India, the second most populous country in the world, is making moves to expand the propane market in rural parts of the country. The gas, used primarily for cooking fuel, is sold predominantly in cities. But over the next two years, the Indian government plans to provide LPG connections to seven million rural homes, reports the Economic Times of India. In addition, the country’s oil ministry has set a goal for energy companies to connect 10 million homes a year until 2015, with a focus on villages.
There are about 14 million residential propane customers in the United States.
To ease the program’s launch, the government will subsidize installation and fuel costs. Officials have said they want to make the fuel more accessible for rural residents who rely on wood and kerosene in the kitchen.
Though a surge in demand may come from more than the kitchen. The Times of India sees potential for propane to power more cars, making this assessment: “Seems like in near future the environment friendly fuels like CNG and LPG will take over its nearest rival petrol, considering the fact that petrol has started burning a bigger hole in the pockets of its customers.” Propane sells for about 65-percent of the price of gas in India — almost exactly the same ratio we see here.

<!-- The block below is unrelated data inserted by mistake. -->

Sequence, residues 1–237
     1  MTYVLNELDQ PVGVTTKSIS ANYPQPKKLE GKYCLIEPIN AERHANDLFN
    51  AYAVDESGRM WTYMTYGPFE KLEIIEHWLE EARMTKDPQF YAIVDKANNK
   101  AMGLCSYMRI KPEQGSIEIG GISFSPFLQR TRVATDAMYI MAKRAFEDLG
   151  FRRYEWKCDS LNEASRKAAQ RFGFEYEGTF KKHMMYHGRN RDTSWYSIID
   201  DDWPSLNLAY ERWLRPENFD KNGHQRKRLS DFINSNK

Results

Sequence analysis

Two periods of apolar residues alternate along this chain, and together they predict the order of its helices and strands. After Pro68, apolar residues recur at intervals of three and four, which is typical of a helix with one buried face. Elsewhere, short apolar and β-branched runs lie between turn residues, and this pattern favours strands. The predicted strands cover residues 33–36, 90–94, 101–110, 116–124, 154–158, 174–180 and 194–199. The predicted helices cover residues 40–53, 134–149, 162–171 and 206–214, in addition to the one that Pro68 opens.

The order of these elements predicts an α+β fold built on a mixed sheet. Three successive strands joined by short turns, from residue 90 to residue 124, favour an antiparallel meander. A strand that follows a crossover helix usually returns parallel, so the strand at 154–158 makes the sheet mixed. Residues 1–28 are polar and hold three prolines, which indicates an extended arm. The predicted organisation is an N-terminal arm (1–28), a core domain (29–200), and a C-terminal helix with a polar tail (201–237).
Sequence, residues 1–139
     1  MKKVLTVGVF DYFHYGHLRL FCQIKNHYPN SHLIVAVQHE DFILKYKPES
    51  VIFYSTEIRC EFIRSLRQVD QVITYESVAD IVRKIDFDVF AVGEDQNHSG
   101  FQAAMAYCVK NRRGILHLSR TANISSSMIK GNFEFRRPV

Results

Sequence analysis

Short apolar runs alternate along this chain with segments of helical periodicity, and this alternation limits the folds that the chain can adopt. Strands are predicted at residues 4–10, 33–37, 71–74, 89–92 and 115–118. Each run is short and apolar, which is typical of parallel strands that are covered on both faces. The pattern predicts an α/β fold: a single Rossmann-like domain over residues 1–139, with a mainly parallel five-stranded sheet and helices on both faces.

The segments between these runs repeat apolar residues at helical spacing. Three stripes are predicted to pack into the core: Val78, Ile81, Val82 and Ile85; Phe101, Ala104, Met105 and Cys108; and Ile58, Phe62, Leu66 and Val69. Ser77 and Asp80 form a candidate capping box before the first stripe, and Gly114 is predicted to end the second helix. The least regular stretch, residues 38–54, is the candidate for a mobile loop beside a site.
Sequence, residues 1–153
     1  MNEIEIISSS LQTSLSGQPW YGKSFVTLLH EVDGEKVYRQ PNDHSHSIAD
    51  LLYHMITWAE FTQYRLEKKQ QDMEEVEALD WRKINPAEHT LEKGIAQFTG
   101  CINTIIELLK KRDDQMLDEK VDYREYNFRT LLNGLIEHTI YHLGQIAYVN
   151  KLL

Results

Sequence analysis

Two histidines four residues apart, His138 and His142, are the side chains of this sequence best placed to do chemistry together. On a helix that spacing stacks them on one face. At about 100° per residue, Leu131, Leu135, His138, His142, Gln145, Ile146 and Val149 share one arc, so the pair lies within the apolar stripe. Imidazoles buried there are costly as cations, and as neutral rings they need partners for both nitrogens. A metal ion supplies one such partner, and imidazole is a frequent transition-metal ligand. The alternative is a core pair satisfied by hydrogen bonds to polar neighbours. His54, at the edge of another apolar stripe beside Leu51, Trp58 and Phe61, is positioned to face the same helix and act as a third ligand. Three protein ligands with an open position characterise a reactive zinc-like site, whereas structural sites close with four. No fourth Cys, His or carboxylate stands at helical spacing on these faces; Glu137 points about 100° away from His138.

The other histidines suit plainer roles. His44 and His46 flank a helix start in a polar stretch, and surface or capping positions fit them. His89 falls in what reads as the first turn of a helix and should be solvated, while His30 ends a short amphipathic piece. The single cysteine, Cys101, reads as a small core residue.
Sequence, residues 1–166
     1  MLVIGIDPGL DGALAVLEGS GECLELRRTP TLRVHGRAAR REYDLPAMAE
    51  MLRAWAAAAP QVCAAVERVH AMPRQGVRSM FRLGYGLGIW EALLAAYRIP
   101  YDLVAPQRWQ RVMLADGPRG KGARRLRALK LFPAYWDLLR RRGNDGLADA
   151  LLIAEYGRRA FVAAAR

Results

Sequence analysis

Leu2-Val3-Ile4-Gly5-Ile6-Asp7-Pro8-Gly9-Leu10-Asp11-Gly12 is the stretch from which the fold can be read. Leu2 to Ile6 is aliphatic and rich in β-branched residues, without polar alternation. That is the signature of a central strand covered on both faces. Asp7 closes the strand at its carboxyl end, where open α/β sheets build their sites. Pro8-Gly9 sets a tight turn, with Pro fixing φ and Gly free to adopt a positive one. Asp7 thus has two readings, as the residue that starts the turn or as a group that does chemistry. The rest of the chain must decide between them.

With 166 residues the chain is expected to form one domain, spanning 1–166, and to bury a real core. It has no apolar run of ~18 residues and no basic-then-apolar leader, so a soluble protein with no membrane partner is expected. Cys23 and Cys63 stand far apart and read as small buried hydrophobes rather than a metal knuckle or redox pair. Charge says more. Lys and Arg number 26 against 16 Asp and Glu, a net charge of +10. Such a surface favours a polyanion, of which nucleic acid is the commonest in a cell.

Meanwhile, in neighboring Bangladesh (the 8th most populous country in the world) the government is urging more propane on the people. Last week, the energy ministry said that using LPG would help combat a “gas crisis” — natural gas, that is — in the country, according to Energy Bangla. Bangladesh imports about 80-percent of its propane.
A quick lesson in Bengali petro-history: The state-owned petroleum company instituted the country’s propane market in the mid-1970s, but after rising demand in the 1990s, allowed the gas to go private.
The executive summary on all of this? Demand for propane on the Subcontinent is going up.
(An endnote on using propane or LPG. “Propane” is the preferred word in the US. Overseas, “LPG,” or the acronym for liquefied propane gas, is common parlance. Both are propane.)